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Although filling up the car has been increasingly painful throughout this year, petrol prices would be even higher without the government’s reduction to excise duty that is currently in place until January next year. But as household budgets are squeezed, is the policy really providing assistance to... Read

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New Zealand’s economy might just be able to avoid a recession this year, according to the latest forecasts published by Infometrics, but the bulk of the economy will feel like it is going through a contraction anyway. Economic growth will only remain in positive territory thanks to the impending revival of the tourism sector, and profitability for domestically focused businesses will be heavily eroded by continued cost pressures and a drop-off in revenue as consumers go into their shells. Read

Joel Glynn interview

Joel Glynn has recently joined the Infometrics Team. In a few short months Joel has written a number of news releases and co-hosted our popular monthly webinars, so this month we sit down to chat with Joel and find out more about him and what he’s working on at Infometrics. Don’t miss Joel’s article on the boom in solar farms in this month’s Infometrics newsletter. Read

Media release - April 2022 Forecasts

The latest forecasts published by Infometrics show that the New Zealand economy has become stretched to breaking point, with demand pumped to unsustainable levels by monetary and fiscal stimulus over the last two years. This support for the economy was implemented in the expectation of a major recession caused by COVID-19. But with supply constraints and disruptions a more persistent outcome from the pandemic, the consequences of excess demand are now becoming all too evident. Read

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The emergence of Omicron promises that 2022 will be another year of disruption for the New Zealand economy. The latest forecasts published by Infometrics show the Red “traffic light” setting knocking 1-2 percentage points off GDP during the first half of this year. Alongside government restrictions on the hospitality and events sector, spiking case numbers are likely to increase households’ Hesitancy Of Going Out (HOGO) and result in softer economic outcomes, as suggested by recent falls in consumer confidence. Read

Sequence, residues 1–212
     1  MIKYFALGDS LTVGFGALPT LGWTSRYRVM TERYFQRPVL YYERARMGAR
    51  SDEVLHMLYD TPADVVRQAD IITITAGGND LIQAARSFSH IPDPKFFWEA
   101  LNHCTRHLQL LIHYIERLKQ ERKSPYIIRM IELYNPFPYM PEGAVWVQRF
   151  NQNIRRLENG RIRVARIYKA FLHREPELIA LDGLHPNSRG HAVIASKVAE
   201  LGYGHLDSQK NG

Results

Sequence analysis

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Omicron has broken out into the community, and New Zealand finds itself at red in the COVID-19 Protection Framework, with concerns of up to 25,000 cases a day. The Omicron outbreak continues the incredible levels of uncertainty that have been a hallmark of life over the last two years. Our latest set of forecasts for the economy will be published on 4 February, and they are set to reflect both this uncertainty but also the stronger position the New Zealand economy has worked hard to achieve. From the Beach provides an overview of some of the key factors (apart from COVID-19 itself) that we think will define economic outcomes during 2022. Read

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Confidence remains that the New Zealand economy can weather the Delta outbreak and bounce back strongly again from lockdown, according to Infometrics’ latest economic forecasts. Infometrics predicts that household spending will once again be in “catch up” mode when alert level restrictions are eventually eased. Business confidence also shows that, overall, firms remain optimistic about a return to normal. Read


In the past 12 months clients have increasingly been asking us for real time data. This is understandable. Rob Heyes looks at the ways that real time data is used in economic analysis and the trade-offs that need to be considered when using real time data. Read

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The Reserve Bank’s August 2021 Monetary Policy Statement made it clear that interest rates will continue to be pushed higher. Demand conditions across the New Zealand economy are strong, but supply issues are creating heightened labour market and inflationary pressures. Read

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Inflation has picked up rapidly and is set to spike higher in coming months, and the Reserve Bank has confirmed a strong tightening bias in its monetary policy settings. As a result, we have changed our outlook for monetary policy. We are now picking an increase in the official cash rate (OCR) next month, and we see potential for a rise of 50 basis points. Read